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Your credit-based auto insurance scores affect your auto insurance rate much like you’d expect your credit scores to affect your interest rate on a new loan.
Insurance scores affect your auto insurance rate in a fairly predictable manner. The better your insurance scores are, the lower your auto insurance rate will typically be. On the other hand, if your insurance scores aren’t doing well, your auto insurance rate will likely be higher. And heads-up: Insurance companies can vary in their use of “low score” and “high score” to refer to positive scoring.
Of course, credit-based insurance scores are only one of many factors that determine the rates you might be offered and only if insurance companies are allowed to use them. In some states, insurers aren’t allowed to use credit information to determine rates.
How do insurance companies use my auto insurance score?
Insurance companies use your credit-based auto insurance score as one of many factors to determine the premiums they charge. In addition to insurance scores, insurance companies usually consider factors like …
- ZIP code
- Age, make and model of your vehicle
- Miles driven per year
- Driving history
- Age or driving experience
- Accident or claims history
When insurance scores are combined with other factors, insurance companies are able to better determine the likelihood of insurance losses. That’s important because insurance companies are in business to make money, which means they need to make sure they can cover future losses and their expenses, and still be able to turn a profit. Based on all of the information at their disposal, including your credit-based insurance score, insurance companies then set premiums for your auto insurance policy.
Insurance score factors
The exact factors that influence your insurance score can vary from company to company. But all insurance companies are trying to determine risk, so the factors are likely similar. They may disregard some credit details that have no impact on insurance risk, or they may factor in some of the same credit information but at different degrees.
The credit-scoring company FICO offers a credit-based FICO insurance score used by some insurance companies. It’s made up of the following major credit categories:
- Payment history (roughly 40%)
- Total debt (roughly 30%)
- Length of credit history (roughly 15%)
- Pursuit of new credit (roughly 10%)
- Mix of credit (roughly 5%)
Other insurance companies use their own credit-based insurance scoring formula. For instance, on its site Progressive gives examples of favorable and unfavorable credit factors that could affect your insurance score.
It’s important to note that there’s some information that isn’t included when calculating your credit-based insurance score. This can include info like the following:
- Marital status
And while personal information like this might be considered part of the auto insurance pricing decision, it’s not factored into your insurance score.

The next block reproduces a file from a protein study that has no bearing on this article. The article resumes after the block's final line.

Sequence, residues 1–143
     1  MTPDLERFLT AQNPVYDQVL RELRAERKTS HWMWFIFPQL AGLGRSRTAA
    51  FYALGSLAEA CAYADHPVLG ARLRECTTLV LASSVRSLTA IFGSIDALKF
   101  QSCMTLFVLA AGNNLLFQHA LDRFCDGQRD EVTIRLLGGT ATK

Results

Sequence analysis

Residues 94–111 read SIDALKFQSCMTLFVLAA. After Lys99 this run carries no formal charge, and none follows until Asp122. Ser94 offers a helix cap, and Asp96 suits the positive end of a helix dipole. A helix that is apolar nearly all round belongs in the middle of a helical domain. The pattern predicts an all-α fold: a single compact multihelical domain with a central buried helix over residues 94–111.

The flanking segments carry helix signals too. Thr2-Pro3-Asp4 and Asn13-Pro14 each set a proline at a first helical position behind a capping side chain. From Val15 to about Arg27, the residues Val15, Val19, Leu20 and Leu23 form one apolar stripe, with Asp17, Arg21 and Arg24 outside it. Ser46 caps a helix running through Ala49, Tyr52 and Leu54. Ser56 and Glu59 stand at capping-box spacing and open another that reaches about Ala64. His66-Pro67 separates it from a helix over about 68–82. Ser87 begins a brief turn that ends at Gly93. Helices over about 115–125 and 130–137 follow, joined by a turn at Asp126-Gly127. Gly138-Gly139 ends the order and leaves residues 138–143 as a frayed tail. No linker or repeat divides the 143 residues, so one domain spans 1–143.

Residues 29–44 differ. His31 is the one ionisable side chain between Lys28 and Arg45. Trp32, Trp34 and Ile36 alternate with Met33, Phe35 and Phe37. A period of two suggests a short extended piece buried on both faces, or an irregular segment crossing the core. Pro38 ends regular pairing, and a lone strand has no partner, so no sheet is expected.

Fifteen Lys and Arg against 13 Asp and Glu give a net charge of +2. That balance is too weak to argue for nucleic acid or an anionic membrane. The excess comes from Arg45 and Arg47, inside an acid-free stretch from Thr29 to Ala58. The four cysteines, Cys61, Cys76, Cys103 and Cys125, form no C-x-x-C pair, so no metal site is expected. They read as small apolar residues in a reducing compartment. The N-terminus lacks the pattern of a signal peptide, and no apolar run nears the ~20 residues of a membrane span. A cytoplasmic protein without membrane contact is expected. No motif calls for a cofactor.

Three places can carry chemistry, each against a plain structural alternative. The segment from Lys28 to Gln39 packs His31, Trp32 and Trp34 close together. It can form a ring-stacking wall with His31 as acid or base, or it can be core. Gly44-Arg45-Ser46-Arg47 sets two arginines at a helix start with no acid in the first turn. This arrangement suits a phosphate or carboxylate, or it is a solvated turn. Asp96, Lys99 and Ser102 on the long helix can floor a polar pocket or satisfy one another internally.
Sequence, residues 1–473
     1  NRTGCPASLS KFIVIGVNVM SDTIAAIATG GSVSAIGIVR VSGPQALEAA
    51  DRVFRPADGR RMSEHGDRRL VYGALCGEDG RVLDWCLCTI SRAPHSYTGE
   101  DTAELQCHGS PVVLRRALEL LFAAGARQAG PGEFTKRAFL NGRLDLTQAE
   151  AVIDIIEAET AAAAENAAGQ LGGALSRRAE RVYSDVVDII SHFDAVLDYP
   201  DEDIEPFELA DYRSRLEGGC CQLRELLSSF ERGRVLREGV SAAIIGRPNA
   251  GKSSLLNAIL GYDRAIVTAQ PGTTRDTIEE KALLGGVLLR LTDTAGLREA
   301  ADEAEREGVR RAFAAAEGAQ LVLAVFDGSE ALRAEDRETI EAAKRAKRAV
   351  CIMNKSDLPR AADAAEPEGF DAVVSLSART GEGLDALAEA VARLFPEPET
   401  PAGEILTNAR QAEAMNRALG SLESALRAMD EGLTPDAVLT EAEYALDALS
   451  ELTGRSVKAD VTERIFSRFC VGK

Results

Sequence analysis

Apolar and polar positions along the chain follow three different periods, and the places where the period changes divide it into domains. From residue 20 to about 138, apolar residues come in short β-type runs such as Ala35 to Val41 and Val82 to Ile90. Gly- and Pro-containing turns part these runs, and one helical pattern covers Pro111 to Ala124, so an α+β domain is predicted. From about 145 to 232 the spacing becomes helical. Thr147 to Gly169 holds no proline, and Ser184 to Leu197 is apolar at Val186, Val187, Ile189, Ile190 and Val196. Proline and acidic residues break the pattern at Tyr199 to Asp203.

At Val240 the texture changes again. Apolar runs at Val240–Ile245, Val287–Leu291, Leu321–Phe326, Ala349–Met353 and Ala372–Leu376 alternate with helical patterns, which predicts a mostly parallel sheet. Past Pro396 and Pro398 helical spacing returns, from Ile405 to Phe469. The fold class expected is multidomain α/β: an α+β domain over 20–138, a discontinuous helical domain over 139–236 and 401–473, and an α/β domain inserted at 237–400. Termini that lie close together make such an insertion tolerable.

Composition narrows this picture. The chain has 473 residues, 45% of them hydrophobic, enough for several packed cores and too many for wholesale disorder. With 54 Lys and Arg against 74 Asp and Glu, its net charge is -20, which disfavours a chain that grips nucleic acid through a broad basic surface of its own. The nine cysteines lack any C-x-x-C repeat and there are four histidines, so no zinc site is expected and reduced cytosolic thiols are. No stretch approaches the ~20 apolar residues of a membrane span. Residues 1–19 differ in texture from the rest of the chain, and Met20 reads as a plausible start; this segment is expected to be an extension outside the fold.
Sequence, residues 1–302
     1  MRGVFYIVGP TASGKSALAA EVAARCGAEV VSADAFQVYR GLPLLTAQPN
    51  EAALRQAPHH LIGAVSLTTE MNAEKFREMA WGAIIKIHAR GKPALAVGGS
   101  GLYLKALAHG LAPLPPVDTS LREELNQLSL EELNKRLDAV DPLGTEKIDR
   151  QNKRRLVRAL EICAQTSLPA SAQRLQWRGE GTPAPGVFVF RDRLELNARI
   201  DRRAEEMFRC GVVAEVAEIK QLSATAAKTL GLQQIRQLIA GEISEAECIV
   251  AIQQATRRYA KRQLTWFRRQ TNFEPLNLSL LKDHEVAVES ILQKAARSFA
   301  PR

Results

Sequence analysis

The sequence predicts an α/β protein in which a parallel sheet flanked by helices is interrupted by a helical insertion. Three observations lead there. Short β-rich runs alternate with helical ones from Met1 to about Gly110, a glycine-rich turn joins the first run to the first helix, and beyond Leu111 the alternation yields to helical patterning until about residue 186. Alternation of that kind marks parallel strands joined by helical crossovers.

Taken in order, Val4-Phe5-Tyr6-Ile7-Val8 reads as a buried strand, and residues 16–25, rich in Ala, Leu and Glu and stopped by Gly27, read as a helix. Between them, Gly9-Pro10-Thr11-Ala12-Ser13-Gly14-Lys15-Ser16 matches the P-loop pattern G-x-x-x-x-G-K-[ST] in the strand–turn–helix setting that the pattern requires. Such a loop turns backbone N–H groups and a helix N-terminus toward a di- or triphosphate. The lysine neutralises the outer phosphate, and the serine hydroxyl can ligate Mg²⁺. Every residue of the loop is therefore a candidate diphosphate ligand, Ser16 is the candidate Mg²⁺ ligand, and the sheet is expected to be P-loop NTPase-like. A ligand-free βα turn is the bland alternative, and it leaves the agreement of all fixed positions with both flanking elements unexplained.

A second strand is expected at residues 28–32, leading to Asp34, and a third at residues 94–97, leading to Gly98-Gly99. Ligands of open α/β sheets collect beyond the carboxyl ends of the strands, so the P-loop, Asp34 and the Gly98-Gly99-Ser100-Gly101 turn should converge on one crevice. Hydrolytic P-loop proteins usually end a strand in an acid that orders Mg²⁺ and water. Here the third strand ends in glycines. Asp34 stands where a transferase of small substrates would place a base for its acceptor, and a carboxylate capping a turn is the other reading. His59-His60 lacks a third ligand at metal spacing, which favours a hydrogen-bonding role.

What factors hurt my credit-based auto insurance score?
While credit scores and insurance scores are calculated in different ways, many of the same negative activities can hurt both. The difference is that the actions may affect your credit scores and insurance score in slightly different ways or by differing degrees of severity.
Progressive lists the following examples of credit factors that could hurt your Progressive insurance score:
- Making late payments
- Using a high amount of your available credit
- Applying for many new credit accounts
- Having accounts in collection
What can I do to improve my credit-based auto insurance score?
Improving your auto insurance score could help you find lower insurance rates, all other factors held equal. Ultimately, it comes down to practicing good credit health habits. For example, here are some of the habits that could help your Progressive insurance score:
- Having open accounts in good standing
- Building a long credit history
- Keeping your credit utilization low
- Having no missed or late payments
Some companies may be willing to overlook some of your negative credit information in extreme circumstances. For example, Nationwide states that it may reconsider your premiums if your credit has been directly affected by certain events, such as divorce, serious illness, death of a relative or other circumstances. Contact your insurance company to see if it has a program that could help improve your premiums if you’re in a similar position.
Now that you’re aware of the ways you can positively and negatively affect your credit-based insurance scores, use that knowledge to work toward improving your scores. You can learn more about how to build good credit health overall in our comprehensive guide.
Don’t forget that your credit-based insurance score isn’t the only factor affecting your insurance rates. Learn more about other ways car insurance rates are determined to work toward lowering your premiums even more.